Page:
Friday, June 21, 2013

Every garden needs a truck load of chicken...

*Look for a new posting every Tuesday and Friday*

By now everyone's vegetable garden should be in full swing; tomato plants are all staked up, carrot tops are sprouting, rows of beans are ready to be thinned, and cucumbers are already beginning to bloom.  And of course all of this is taking place in ground that you thoroughly fertilized with lots of chicken s*#%.

Gardening buddies in the 1950's
What!!!  You don't know about working chicken s%*# into your soil?  You obviously didn't have the Gardening Training that my wife Marty received from her father, Harvey Ball.  According to her she had vivid memories of her daddy adding lots of chicken manure to the family garden plot each year before April first.

You can blame today's "lesson plan" and "photo tour" on that stupid basement cleaning project I am in the middle of.  I keep coming across pictures of past events that seem to compel me to share some of the "more colorful" memories of my past.  Pinch your nose closed and join me as I recount our first gardening adventure almost 20 years ago.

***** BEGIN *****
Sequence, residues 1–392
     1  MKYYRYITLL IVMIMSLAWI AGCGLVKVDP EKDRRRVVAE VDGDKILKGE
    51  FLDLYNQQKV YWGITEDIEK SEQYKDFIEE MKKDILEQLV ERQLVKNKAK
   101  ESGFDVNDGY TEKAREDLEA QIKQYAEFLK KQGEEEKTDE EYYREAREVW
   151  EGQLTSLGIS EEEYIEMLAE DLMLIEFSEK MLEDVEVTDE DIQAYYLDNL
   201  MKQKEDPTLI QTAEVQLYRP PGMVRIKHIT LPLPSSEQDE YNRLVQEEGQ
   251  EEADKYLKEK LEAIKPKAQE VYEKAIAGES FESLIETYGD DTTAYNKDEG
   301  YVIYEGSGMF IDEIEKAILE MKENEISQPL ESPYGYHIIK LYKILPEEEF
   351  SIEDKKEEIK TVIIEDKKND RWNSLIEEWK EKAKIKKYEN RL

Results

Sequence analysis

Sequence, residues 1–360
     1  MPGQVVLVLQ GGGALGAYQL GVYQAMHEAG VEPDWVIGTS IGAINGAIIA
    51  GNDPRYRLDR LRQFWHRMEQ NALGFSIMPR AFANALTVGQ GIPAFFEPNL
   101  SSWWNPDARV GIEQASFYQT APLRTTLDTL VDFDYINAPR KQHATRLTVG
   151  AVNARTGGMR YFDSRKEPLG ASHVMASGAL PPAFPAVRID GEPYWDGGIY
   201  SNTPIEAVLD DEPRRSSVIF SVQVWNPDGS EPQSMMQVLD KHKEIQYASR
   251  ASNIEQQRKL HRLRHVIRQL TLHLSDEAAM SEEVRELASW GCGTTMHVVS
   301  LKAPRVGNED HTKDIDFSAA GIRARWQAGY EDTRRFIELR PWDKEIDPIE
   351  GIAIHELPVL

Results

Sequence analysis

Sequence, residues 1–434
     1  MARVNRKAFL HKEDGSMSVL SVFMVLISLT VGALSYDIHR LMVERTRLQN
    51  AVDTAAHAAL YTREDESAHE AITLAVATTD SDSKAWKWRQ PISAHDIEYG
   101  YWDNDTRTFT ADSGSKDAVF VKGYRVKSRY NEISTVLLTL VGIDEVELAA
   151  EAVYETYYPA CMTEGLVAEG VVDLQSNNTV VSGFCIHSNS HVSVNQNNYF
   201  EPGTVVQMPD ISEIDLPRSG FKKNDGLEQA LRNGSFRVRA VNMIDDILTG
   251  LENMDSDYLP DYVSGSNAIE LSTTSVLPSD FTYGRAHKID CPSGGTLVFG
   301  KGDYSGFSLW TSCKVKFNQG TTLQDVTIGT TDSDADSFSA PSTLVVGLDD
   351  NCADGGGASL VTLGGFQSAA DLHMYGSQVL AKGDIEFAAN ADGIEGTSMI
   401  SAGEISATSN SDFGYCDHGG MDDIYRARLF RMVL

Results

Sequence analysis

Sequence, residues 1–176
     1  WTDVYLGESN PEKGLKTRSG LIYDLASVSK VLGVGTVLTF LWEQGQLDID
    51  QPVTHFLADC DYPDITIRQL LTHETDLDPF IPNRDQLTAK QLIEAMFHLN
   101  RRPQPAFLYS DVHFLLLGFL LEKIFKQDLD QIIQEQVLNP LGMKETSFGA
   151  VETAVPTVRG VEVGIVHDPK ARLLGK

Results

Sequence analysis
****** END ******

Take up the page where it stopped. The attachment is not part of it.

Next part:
James Neville and Jimmy as backyard farmers
Not long after we moved into our first home in Ellenwood,  Marty decided she wanted to relive a bit of her past and plant a garden just like her daddy used to do every year.  I was a willing participate because my daddy also had several vegetable gardens when we were growing up in Tiptonville, Tennessee.

Ruth Ball - A can-can mother in her day
Marty's mother, Ruth, used to do a lot of canning every year once the harvest came in.  Marty was anxious to get our garden off to a good start so she could fill our root cellar with quarts and quarts of all kinds of vegetables.  I tried to explain to Marty that we did not have a root cellar but she was not listening.

The South Forty at Ellenwood
We were fortunate to have a sizable "homestead" and quickly selected the area to be tilled.  Tilling implies the ownership of a tiller.  Not a problem.  We will be saving a fortune by growing our own vegetables so off to the "tiller-store" I went and soon was hard at work with my brand new, rear tine Rototiller.